My legs felt great, but I was hurting. The cramps had left me feeling drained, and I was worried that they would return. At this point I was approaching the end of the Metric Century route (100 kilometers). I honestly didn’t think I had another 35 miles in me, and so I made the decision to end my ride there. It wasn’t an easy choice to end the ride early, and I was second-guessing myself the whole way home–especially because my legs still felt very good.
Here’s Saturday’s ride on Strava.
By the way, as far as marshaling goes, I only saw two riders stopped, and they were not even part of the MDBF. Both riders were with their own groups, and when I slowed to offer help they waved me on and said they were just fine (changing flats).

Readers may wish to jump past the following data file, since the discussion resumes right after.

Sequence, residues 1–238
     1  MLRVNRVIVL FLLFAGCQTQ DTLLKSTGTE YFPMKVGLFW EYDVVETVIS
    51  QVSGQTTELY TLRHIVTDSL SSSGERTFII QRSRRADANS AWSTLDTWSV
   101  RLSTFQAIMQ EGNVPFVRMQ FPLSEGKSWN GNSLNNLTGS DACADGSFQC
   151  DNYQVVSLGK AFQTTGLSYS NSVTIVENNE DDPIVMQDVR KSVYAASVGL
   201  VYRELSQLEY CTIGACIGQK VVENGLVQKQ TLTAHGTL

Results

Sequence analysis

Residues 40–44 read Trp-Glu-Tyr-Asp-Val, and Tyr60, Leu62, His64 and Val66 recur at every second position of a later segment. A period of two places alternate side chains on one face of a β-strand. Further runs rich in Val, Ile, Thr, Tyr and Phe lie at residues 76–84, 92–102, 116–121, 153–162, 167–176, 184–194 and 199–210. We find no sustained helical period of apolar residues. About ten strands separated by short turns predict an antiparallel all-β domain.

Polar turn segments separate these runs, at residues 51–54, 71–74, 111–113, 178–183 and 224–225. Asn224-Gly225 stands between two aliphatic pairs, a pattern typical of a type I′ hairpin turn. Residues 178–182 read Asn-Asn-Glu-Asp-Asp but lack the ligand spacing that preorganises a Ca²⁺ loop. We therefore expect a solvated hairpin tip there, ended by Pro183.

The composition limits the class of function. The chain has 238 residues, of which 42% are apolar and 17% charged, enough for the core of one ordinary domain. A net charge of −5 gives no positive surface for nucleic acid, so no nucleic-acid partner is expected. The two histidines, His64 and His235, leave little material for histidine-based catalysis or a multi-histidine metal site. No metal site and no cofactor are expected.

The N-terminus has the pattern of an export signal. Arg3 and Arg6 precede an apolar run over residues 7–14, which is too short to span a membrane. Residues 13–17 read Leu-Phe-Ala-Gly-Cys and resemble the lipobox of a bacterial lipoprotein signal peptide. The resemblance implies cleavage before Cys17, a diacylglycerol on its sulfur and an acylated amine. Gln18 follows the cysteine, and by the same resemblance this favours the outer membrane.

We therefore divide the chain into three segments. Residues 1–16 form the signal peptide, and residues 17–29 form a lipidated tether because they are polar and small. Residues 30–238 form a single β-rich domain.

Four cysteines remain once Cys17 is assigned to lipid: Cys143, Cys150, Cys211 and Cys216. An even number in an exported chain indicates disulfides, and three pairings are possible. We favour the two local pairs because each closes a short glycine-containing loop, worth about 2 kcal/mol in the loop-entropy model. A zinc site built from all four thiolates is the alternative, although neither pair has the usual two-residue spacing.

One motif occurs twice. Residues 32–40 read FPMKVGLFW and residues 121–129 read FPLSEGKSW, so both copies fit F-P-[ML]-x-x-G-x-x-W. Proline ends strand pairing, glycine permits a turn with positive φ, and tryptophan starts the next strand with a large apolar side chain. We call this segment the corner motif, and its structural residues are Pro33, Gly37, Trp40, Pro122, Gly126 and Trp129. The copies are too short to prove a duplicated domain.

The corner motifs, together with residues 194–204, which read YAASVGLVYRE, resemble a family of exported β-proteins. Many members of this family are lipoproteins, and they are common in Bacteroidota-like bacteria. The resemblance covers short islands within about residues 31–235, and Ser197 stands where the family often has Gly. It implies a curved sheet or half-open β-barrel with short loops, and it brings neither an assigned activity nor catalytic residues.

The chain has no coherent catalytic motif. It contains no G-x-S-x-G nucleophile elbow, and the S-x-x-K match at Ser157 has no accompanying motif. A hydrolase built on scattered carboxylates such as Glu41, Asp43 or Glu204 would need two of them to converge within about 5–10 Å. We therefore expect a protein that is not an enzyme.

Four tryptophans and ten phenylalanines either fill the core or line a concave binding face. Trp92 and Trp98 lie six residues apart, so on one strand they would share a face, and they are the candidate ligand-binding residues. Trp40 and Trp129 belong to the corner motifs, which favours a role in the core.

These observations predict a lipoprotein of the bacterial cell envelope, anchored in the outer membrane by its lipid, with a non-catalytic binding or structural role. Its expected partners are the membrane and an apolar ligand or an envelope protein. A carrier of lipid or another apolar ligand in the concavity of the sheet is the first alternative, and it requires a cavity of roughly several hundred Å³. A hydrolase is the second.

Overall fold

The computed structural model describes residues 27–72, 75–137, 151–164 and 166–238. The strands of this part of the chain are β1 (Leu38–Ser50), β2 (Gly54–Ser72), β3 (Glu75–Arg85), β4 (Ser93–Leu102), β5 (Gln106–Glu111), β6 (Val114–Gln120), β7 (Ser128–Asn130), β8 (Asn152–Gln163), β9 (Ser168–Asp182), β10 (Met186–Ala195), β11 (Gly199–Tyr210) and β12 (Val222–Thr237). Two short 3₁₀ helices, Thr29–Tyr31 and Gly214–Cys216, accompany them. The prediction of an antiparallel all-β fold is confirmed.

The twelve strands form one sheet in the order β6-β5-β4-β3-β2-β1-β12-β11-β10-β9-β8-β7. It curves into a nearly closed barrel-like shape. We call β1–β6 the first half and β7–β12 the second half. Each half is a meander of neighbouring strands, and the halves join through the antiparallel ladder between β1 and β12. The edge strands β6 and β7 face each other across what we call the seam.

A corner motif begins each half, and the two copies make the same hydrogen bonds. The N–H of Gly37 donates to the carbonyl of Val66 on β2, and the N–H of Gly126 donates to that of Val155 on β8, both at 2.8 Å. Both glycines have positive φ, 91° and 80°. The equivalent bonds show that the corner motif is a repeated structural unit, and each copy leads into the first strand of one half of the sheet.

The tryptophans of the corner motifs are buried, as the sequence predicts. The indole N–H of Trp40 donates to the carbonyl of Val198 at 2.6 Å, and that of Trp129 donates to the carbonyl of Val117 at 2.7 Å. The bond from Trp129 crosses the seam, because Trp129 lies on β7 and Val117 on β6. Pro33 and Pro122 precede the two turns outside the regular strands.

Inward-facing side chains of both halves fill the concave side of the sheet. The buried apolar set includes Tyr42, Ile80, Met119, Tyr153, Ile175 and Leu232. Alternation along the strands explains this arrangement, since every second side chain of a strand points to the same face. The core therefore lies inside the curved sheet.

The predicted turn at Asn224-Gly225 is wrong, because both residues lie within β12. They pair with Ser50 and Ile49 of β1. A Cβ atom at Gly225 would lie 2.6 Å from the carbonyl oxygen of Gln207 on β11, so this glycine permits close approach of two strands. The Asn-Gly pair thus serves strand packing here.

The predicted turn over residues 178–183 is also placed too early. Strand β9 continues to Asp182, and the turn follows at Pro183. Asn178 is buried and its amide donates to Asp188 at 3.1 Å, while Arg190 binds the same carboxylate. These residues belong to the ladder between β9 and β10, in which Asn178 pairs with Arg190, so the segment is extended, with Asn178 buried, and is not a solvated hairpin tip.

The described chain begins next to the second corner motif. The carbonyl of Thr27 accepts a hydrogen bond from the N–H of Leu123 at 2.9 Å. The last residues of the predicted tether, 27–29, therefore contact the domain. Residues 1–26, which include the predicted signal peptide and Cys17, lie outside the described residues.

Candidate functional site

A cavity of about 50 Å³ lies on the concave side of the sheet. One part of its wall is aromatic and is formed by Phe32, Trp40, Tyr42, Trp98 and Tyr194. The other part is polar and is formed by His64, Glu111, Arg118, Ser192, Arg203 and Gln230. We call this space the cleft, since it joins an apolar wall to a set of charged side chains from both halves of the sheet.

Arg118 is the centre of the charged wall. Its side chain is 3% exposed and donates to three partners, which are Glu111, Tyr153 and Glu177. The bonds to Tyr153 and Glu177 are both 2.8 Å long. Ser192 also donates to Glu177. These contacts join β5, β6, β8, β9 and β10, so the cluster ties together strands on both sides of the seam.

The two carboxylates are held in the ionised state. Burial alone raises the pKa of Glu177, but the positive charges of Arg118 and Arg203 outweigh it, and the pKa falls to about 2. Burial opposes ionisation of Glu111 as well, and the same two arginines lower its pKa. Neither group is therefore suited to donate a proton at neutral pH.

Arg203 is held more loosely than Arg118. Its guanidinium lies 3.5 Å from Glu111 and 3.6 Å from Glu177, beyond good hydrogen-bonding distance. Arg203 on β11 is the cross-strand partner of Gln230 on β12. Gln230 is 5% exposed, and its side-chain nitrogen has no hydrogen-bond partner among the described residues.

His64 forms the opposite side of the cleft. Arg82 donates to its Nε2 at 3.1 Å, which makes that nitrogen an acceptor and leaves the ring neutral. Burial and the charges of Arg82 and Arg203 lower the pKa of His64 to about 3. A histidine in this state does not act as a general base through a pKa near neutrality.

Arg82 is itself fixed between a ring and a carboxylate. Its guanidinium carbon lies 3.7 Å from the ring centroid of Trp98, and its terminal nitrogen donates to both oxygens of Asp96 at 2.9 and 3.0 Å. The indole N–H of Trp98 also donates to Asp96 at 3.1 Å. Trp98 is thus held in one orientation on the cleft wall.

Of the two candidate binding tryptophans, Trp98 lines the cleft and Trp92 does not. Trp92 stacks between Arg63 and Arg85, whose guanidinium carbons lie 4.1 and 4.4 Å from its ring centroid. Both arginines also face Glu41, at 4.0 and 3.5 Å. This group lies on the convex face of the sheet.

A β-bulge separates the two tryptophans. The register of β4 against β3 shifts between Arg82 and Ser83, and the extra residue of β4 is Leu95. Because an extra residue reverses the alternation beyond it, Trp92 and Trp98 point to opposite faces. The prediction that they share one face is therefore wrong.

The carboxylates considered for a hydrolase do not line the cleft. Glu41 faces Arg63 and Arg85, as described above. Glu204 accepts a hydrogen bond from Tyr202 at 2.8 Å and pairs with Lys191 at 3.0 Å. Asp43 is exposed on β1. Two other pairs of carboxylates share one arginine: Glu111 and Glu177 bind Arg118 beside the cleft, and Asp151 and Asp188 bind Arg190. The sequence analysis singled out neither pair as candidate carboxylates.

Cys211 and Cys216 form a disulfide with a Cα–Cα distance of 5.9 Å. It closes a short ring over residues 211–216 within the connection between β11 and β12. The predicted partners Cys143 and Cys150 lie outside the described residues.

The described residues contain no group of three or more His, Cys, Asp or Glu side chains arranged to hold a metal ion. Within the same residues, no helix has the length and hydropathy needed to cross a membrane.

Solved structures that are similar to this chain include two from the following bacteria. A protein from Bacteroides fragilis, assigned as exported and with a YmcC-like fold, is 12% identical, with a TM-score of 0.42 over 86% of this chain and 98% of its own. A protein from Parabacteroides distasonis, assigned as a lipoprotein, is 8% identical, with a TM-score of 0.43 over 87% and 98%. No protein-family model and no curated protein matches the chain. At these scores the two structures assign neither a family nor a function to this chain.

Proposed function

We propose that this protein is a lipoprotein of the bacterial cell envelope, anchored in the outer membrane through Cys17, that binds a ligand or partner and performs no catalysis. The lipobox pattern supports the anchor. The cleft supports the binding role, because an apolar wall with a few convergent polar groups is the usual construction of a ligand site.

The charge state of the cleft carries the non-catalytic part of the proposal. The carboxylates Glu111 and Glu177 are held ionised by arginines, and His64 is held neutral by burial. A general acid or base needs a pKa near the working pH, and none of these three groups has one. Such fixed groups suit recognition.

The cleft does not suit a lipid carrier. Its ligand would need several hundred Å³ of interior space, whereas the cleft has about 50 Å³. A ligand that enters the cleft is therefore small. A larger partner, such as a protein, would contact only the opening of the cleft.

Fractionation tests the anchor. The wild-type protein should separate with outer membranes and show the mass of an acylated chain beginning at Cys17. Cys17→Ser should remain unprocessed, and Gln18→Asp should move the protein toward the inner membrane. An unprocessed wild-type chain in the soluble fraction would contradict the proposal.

When I woke up on Sunday morning and went out back with Loki, the second I felt the cool air I knew I was riding. The problem was I forgot to do the laundry the night before and all my bib shorts were nasty. I had just enough time to wash my stuff and make the 8:30 start of the 40 mile “Assault on Sugarloaf Mountain” ride.
I arrived at the start with just 3 minutes to spare:
The announcer made me cringe when he said (with a little street swag in his voice), “…and thanks to the ‘We Be Crazy’ bike club!” Yeah, we be crazy. Word.
Because I arrived just in time for the start, I was at the very back of the pack when we set off. I have to admit that I was feeling very annoyed with myself for cutting the century ride short, and that’s probably why I rode like a bat out of hell until I caught the lead group. Once I caught the front pack, I was feeling great so I worked my way to the front of the paceline until I was pulling.